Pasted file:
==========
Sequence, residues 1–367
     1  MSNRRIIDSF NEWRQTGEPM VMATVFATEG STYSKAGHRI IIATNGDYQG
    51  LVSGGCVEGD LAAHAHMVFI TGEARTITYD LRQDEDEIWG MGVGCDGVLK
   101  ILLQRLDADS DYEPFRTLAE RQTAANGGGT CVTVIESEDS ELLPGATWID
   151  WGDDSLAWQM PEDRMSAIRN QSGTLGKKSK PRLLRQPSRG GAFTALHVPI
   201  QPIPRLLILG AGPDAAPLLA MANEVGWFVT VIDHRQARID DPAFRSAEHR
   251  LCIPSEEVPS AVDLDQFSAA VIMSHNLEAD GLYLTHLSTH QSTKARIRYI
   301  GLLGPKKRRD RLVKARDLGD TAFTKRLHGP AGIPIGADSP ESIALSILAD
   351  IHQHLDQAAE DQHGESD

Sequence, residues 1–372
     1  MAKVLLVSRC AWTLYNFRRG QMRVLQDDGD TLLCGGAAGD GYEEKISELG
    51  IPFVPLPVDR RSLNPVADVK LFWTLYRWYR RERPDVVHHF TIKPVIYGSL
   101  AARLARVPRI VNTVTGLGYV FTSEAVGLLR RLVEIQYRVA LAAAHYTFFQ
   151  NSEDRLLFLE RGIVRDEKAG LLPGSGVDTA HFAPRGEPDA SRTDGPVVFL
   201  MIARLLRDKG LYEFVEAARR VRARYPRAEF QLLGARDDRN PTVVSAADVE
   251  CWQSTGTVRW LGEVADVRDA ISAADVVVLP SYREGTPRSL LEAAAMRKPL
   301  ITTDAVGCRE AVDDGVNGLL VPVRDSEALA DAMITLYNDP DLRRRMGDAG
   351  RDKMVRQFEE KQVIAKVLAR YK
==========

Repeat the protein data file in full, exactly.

Sequence, residues 1–367
     1  MSNRRIIDSF NEWRQTGEPM VMATVFATEG STYSKAGHRI IIATNGDYQG
    51  LVSGGCVEGD LAAHAHMVFI TGEARTITYD LRQDEDEIWG MGVGCDGVLK
   101  ILLQRLDADS DYEPFRTLAE RQTAANGGGT CVTVIESEDS ELLPGATWID
   151  WGDDSLAWQM PEDRMSAIRN QSGTLGKKSK PRLLRQPSRG GAFTALHVPI
   201  QPIPRLLILG AGPDAAPLLA MANEVGWFVT VIDHRQARID DPAFRSAEHR
   251  LCIPSEEVPS AVDLDQFSAA VIMSHNLEAD GLYLTHLSTH QSTKARIRYI
   301  GLLGPKKRRD RLVKARDLGD TAFTKRLHGP AGIPIGADSP ESIALSILAD
   351  IHQHLDQAAE DQHGESD

Sequence, residues 1–372
     1  MAKVLLVSRC AWTLYNFRRG QMRVLQDDGD TLLCGGAAGD GYEEKISELG
    51  IPFVPLPVDR RSLNPVADVK LFWTLYRWYR RERPDVVHHF TIKPVIYGSL
   101  AARLARVPRI VNTVTGLGYV FTSEAVGLLR RLVEIQYRVA LAAAHYTFFQ
   151  NSEDRLLFLE RGIVRDEKAG LLPGSGVDTA HFAPRGEPDA SRTDGPVVFL
   201  MIARLLRDKG LYEFVEAARR VRARYPRAEF QLLGARDDRN PTVVSAADVE
   251  CWQSTGTVRW LGEVADVRDA ISAADVVVLP SYREGTPRSL LEAAAMRKPL
   301  ITTDAVGCRE AVDDGVNGLL VPVRDSEALA DAMITLYNDP DLRRRMGDAG
   351  RDKMVRQFEE KQVIAKVLAR YK